We use cookies

By continuing to browse ihf.info, you agree to our terms of use , privacy policy and the use of cookies. For more information, please review our cookie policy.



Date: 06.09.2016

Paris Saint-Germain Handball recorded an impressive four-goal victory against the 2016 VELUX EHF Champions League champions Vive Tauron Kielce to earn the first spot in the 2016 IHF Super Globe final. The French side thereby took revenge on Kielce for the result of their 2016 Champions League semi-final meeting in May, when Kielce knocked PSG out of contention for the title and went on to claim the trophy. 

“It wasn’t a perfect start to the game – it was a tough game for us. Great opponent Kielce, the European champion, they are a great team and it was a great fight,” said PSG's Nikola Karabatic following the match. “I think we played very good in defence – that was the key. The goal was to make fast-break goals, and to play more calm in offence.”

Duhail Sports Hall, Tuesday 6 September
Semi-final: Vive Tauron Kielce (POL) vs Paris Saint-Germain (FRA) 25:29 (12:13)

The 60 minutes between these two powerhouse European sides proceeded just as expected, with a close contest headlined by strong goalkeeping from PSG’s Thierry Omeyer (46.7% save rate), and Kielce’s Filip Ivic (35.3%), tough 6-0 defence that meant every shot was a valuable opportunity, and superb attack that made for an entertaining match to decide which team would earn the right to contest the trophy. 

The first 30 minutes were level with the lead changing hands more than once, and always only a one or two-goal score line in favour of the commanding team. The VELUX EHF Champions League 2015/16 champions Kielce held a narrow edge early on, scoring the opening goal thanks to Krzysztof Lijewski and leading through the first 10 mintues when right wing Tobias Reichmann created the first two-goal difference of the match at 6:4. 

Luka Karabatic received a two-minute suspension but it did not affect the French side’s momentum, and the distance remained at one midway through the half when Nikola Karabatic closed the gap to 7:8. At that stage Kielce coach Talant Dujshebaev brought in new keeper Ivic in place of Slawomir Szmal, after which the show between the posts continued with numerous good saves from the young Croatian and two in a row from Omeyer in the 16th when the Polish team led 8:7.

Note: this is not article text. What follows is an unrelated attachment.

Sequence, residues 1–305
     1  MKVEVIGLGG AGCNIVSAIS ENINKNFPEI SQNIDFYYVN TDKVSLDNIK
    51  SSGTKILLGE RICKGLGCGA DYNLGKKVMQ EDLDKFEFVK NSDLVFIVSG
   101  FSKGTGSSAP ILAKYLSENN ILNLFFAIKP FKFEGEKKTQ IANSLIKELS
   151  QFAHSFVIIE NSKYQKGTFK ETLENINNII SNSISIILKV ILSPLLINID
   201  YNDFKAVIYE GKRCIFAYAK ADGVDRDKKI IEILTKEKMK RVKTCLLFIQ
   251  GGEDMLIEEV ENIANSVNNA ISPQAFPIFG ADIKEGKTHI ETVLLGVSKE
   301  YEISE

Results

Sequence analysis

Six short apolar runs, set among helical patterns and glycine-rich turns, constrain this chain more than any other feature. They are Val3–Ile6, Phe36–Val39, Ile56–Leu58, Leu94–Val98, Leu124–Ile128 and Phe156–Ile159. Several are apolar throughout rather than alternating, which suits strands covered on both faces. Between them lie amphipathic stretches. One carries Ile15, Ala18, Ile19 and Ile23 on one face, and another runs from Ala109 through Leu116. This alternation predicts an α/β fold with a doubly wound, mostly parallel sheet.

After chasing for 20 minutes PSG claimed the lead for the first time in the 21st with a penalty from new German transfer left wing Uwe Gensheimer that took the score to 9:8, and they held that same advantage when the whistle for the break sounded. 

In the second period PSG capitalised on two two-minute suspensions for Kielce that enabled them to create a four-goal advantage at 18:14 by the time the Polish champions were back at full strength in the 39th, and at the 40-minute mark they began to look much more the dominant side as they pulled further in front to 20:15. 

Ivic made a great save off a Gensheimer fast break to keep the five-goal difference, but less than 30 seconds later the German left wing ran the length of the court again and this time did not miss, pulling Paris in front by six at 21:15. 
As the match entered the last 15 minutes Ivic made a spectacular save against a clear breakthrough opportunity from Nedim Remili, though his team still trailed 17:23 at that point – but just as they did at the FINAL4 when they raised the trophy for the first time ever, Kielce showed their talent for coming back from a deficit. 

In the 50th Omeyer saved a Karol Bielecki penalty that kept the score at 24:19 for PSG, after which Kielce came within four (26:22, 55th) and it was clear there was still a chance the game could go either way. 

The team to watch as the final whistle approached turned out to be PSG, who did not allow Kielce any hope through the dying minutes and stormed home to finish with a four-goal advantage.